Sting Knows His Place

Sting (a.k.a. Steve Borden) did an interview with Rolling Stone recently. It’s a really interesting read, and Sting comes off beautifully. He seems genuinely happy to be where he is, and still doing his thing in the ring. That’s very refreshing.

During his time with writer Kenny Herzog, The Stinger was asked a series of questions.

This one, along with The Icon’s answer, are getting the most play in dirt sheets, and on social media:

Q: Should you lose at Night of Champions, does it paint a picture that you were brought to WWE primarily to put others over rather than enhance your own legacy?

A: I had my time. There’s no question about that. For a guy my age to be where I am right now is, to me, next to impossible. And yet, I’m here. It’s not about Sting, not anymore. You’re asking a straight-up question, I’ll give ya a straight-up answer. That’s it, and I am just fine with that.

More important, if you ask me, was when Sting addressed that awful promo that saw him putting over Triple H, ad nauseam.

Q: A lot of fans felt like your Raw promo a few weeks back ‘put Triple H over’ at the expense of yourself and your feud with Rollins. How do you respond to that?

A: I don’t pay attention a lot of times to what’s out there, so this is the first time I’m hearing any news of that. I don’t think there’s anyone who’s going to carry all that to Night of Champions and think about that, because the bottom line is, my focus is Seth Rollins. Triple H is Triple H, and he’s worth the put-over.

I was one of those fans. I thought that promo was absolutely ridiculous. However, now I agree with Sting. Until I read this interview, I had mostly forgotten about that segment. He is pretty teflon, at this point. I mean, he’s Sting.

Plus, you know – Triple H is The Cerebral Assassin. I don’t have a problem with him being put-over. I have a problem with the level to which it was done.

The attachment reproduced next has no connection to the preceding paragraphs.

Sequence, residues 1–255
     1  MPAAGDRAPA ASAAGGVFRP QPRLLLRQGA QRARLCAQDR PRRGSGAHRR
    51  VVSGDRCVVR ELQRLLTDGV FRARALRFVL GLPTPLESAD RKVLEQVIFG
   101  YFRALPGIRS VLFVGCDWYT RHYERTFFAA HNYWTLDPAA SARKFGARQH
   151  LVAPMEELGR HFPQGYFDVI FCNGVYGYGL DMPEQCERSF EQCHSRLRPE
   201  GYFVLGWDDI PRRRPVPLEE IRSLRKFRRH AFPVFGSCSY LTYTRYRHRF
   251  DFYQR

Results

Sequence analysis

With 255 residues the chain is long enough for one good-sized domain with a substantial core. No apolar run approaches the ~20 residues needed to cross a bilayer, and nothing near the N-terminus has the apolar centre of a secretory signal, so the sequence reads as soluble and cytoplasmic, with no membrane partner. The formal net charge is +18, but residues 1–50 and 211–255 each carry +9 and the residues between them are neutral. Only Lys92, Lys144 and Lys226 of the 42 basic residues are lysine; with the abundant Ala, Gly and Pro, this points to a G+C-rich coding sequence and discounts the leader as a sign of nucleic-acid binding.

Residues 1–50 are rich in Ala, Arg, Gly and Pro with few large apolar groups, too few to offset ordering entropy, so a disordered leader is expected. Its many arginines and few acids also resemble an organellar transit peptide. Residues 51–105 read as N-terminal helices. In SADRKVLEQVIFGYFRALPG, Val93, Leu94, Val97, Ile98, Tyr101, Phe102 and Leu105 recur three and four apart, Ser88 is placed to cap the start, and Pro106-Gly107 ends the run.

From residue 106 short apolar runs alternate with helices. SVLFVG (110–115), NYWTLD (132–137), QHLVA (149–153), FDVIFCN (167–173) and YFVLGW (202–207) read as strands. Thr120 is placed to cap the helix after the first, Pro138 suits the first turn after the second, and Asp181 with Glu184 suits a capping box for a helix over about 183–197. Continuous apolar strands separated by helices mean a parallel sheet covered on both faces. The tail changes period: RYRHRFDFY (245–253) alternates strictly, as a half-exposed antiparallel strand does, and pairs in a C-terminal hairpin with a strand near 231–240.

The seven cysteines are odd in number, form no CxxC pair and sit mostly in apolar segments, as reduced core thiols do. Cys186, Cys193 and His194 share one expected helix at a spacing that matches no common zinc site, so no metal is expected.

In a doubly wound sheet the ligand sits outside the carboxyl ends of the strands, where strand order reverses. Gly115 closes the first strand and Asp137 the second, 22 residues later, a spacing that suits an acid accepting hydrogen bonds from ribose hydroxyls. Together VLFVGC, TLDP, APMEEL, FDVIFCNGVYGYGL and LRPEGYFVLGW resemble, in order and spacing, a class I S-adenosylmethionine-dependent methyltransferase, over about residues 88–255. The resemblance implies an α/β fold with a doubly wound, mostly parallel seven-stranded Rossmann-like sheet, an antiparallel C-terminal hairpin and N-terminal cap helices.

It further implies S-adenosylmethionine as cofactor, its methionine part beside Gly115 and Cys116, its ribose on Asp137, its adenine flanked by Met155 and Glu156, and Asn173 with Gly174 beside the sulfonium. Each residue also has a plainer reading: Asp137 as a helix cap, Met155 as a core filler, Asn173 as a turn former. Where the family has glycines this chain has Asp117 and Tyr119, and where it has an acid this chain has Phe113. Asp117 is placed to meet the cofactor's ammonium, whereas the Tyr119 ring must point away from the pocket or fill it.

A few questions later, Sting was asked about the various incarnations of his character:

Q: You’ve presented the serious, stoic Sting in this rivalry, but also the so-called ‘Joker Sting’ as well. Is the idea to demonstrate all the different ways your character can play mind games?

A: I suppose it is. This is one of the things I always try to tell the younger guys when they ask for advice. I try to tell them to step outside of their comfort zones, try something different. “Joker Sting” – some people loved it, some people hated it. To this day, some people say, “I wish you’d go back to the blond flat-top haircut.” Don’t have enough hair anymore for that. That ain’t gonna happen. No more neon colors. And some people just want the Crow, and, “Oh, just go up to the rafters, we wanna see that again.” You can’t please everybody all the time, that’s for sure, and I can’t say that I have blown it or failed over the years by trying different things and trying to evolve and show different sides of my character. Hopefully, it’s working.

I was one of the ones who hated “Joker Sting.”

Though, to be fair, I’ve hated pretty much everything that TNA has done.


If you’re interested in reading more, click HERE for the full interview. It’s a great read.


Walter Winchester